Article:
Then when comes to the end of the demo, while people asking him question personally such as is he able to get into Maybank databases? Then he told that Maybank has Multilayer Network Structure and by hacking the Web Server you will have to dig out where the Database Server is located.

At the end, he still want people to believe that he(l33t) is actually hacking into Maybank Server. Remember your audience is public, you shouldn't deliver faulty information, what a breach!

Mike <- You are not qualified as ethical hacker. You just an idiot without brainer! I read from the site the Live Hacking Demo should be done by Scan Associate people and I'm wondering whether he is from Scan. The coolest statements of him - you have greater reputation if you have more bots. I bet he doesn't know the hacker communities enough. The second interesting statement is "I have never been infected by computer viruses" even I have used Windows for so long, and my antivirus program is disabled by default!" - Wow, he is definitely gosu alike.

My words to MIRC - The SecurePenang event sucks, you shouldn't have brought anyone like this to present or deliver.

P/S: I should kick Mike in the nutsack!!!!!!!! :P

Thursday, December 07, 2006

Penang ICT Week

I will be going to the Third Event of Penang ICT Week which is Secure Penang that will be held on 8th of December(Tomorrow), so it would be great if any of you are going to the event and we can most properly talked more about the Network Security Scene in Malaysia. There will be Scan Associate and Niser guys around so I hope to see some familiar faces there.

You can find the event detail here.

Anyway ping me if you are going.

Cheers :]

Wednesday, December 06, 2006


Working as sysadmin means that you will have to watch your puter screen most of the time, thus it is good to setup prefferable working environment. While you can't change your office layout, I'm sure you can change your screenie which don't kill. Most of my friends know that I prefer simple and slick style over anything, and I can't resist to show off my Fluxbox screenshot - it is too sexy to be true and serves as perfect workspace at least for me.

Thanks to tenner for his fluxbox style - litebox, you always rox!

Cheers ;)

P/S: Please learn to appreciate beautiful things :P

Tuesday, December 05, 2006


I think there are lots of people doing the same thing apparently, I just came across this new tool that released by honeynet community - honeysnap. It is very neat as it automated the process of pcap analysis and generating the analysis report which ease the job of analyst.

To avoid doing the same thing over and over again, I have my own shell script that doing similar stuffs which used to analyse pcap files but more of following NSM model. I make use of tools like capinfos, tcpdstat, argus clients, and some other tools to generate analysis report when I have to perform generic analysis on pcap files. Don't expect me to release that as I have to keep something on my own since I guess I have already shared so much of my stuffs indeed.

Anyway honeysnap should be good learning tool for network security analyst, you can check out the report output of honeysnap here. I have seen more and more applications looking at statistical and session data analysis now, is this the hype of NSM?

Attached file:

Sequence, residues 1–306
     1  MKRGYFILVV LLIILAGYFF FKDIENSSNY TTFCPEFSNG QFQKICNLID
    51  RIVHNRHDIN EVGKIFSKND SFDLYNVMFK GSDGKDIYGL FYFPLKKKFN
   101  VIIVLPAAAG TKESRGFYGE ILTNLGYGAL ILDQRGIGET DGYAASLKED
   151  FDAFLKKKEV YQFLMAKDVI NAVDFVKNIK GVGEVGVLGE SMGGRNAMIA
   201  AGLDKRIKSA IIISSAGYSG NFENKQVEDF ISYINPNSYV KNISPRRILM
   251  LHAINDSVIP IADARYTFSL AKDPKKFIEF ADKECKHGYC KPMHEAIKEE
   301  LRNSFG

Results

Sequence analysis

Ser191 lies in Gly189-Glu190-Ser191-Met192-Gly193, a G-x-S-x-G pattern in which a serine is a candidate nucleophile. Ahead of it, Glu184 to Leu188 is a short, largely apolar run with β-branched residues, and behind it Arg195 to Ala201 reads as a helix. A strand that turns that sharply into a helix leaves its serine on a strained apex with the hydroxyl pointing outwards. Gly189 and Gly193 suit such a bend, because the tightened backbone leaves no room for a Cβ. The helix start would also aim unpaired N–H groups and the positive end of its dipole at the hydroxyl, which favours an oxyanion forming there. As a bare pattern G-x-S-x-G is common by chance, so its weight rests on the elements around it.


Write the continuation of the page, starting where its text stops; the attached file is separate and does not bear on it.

I would expect this in future - hire NSM analyst instead of IDS analyst

Cheers :]

Monday, December 04, 2006


I wonder why I put ragrep as a title, but I think this may help someone in case they are googling about the usabilities of ragrep, I hardly find any when I tried googling. So what's the use of ragrep, I think you should have idea by looking at the "name". Heard about flowgrep or ngrep, while ngrep is packet based and flowgrep is flow based which introduces more accuracies, argus offers you the tools that doing about the same thing.

While I have done lots of flow analysis using argus client, I don't do much on the payload wise, however you can actually do so with argus tool - ragrep. In order to use ragrep, you will have to capture user data bytes, this can generate expensive argus data if you are running on high speed network, but it is not bad idea to use ragrep if you have stored full content data, or at least it can tell you whether certain commands(http/ftp commands/codes) have been successfully executed in your network by just storing first 10-15 data bytes of connection. To capture user data bytes, you will have to configure argus with the following variables in argus.conf -


Or you can run argus with -U option, this is good when you want to perform offline analysis with generic pcap files. I usually do this -

shell>argus -U 15 -r test.pcap -w test.argus

Once you have data in argus format, you can check the ftp data connection close with transfer complete by running this -

shell>ragrep -i -e '226 Transfer' -r test.argus -nn

To increase the accuracy of it, you can examine the tcp state changes with -z option and checking source/destination bytes as well as duration of the flow. Racluster can be used to aggregate the record with the same pair of src/dst ip/port to avoid confusion with specific flow status interval timer. Remember smtp and ftp can be tricky to look at in the flow record when there's large bulk of data transfer thus it's good to aggregate this kind of flow record.

Enjoy (;])

Sunday, December 03, 2006

More ...

I have more things to read, but less things to blog, thus you hardly see me updating my blog these days. However I will still keep this blog going, currently I'm trying to figure out my own generic flow analysis research. I have to strengthen my knowledge of statistic and network protocols to form a better model when comes to analyse network flow.

By the way I'm setting up Sguil Demo Server of my own, the demo server will be available soon as well as the VMware image of Sguil.

Cheers :]